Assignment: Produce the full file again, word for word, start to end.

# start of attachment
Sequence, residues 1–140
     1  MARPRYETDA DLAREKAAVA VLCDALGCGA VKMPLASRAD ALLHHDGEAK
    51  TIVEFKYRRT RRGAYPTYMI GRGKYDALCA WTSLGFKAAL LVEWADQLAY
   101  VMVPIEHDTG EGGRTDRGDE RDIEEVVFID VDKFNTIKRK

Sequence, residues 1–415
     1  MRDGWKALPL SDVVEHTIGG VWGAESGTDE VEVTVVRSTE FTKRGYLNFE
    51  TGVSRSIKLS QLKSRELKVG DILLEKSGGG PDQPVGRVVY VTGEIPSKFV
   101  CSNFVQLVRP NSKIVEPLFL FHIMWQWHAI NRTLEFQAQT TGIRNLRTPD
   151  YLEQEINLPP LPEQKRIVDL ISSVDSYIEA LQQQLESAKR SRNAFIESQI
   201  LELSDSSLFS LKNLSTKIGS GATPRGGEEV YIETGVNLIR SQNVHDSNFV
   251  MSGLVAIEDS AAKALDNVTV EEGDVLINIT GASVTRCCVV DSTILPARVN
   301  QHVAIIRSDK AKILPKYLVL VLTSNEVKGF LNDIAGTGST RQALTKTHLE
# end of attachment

Sequence, residues 1–140
     1  MARPRYETDA DLAREKAAVA VLCDALGCGA VKMPLASRAD ALLHHDGEAK
    51  TIVEFKYRRT RRGAYPTYMI GRGKYDALCA WTSLGFKAAL LVEWADQLAY
   101  VMVPIEHDTG EGGRTDRGDE RDIEEVVFID VDKFNTIKRK

Sequence, residues 1–415
     1  MRDGWKALPL SDVVEHTIGG VWGAESGTDE VEVTVVRSTE FTKRGYLNFE
    51  TGVSRSIKLS QLKSRELKVG DILLEKSGGG PDQPVGRVVY VTGEIPSKFV
   101  CSNFVQLVRP NSKIVEPLFL FHIMWQWHAI NRTLEFQAQT TGIRNLRTPD
   151  YLEQEINLPP LPEQKRIVDL ISSVDSYIEA LQQQLESAKR SRNAFIESQI
   201  LELSDSSLFS LKNLSTKIGS GATPRGGEEV YIETGVNLIR SQNVHDSNFV
   251  MSGLVAIEDS AAKALDNVTV EEGDVLINIT GASVTRCCVV DSTILPARVN
   301  QHVAIIRSDK AKILPKYLVL VLTSNEVKGF LNDIAGTGST RQALTKTHLE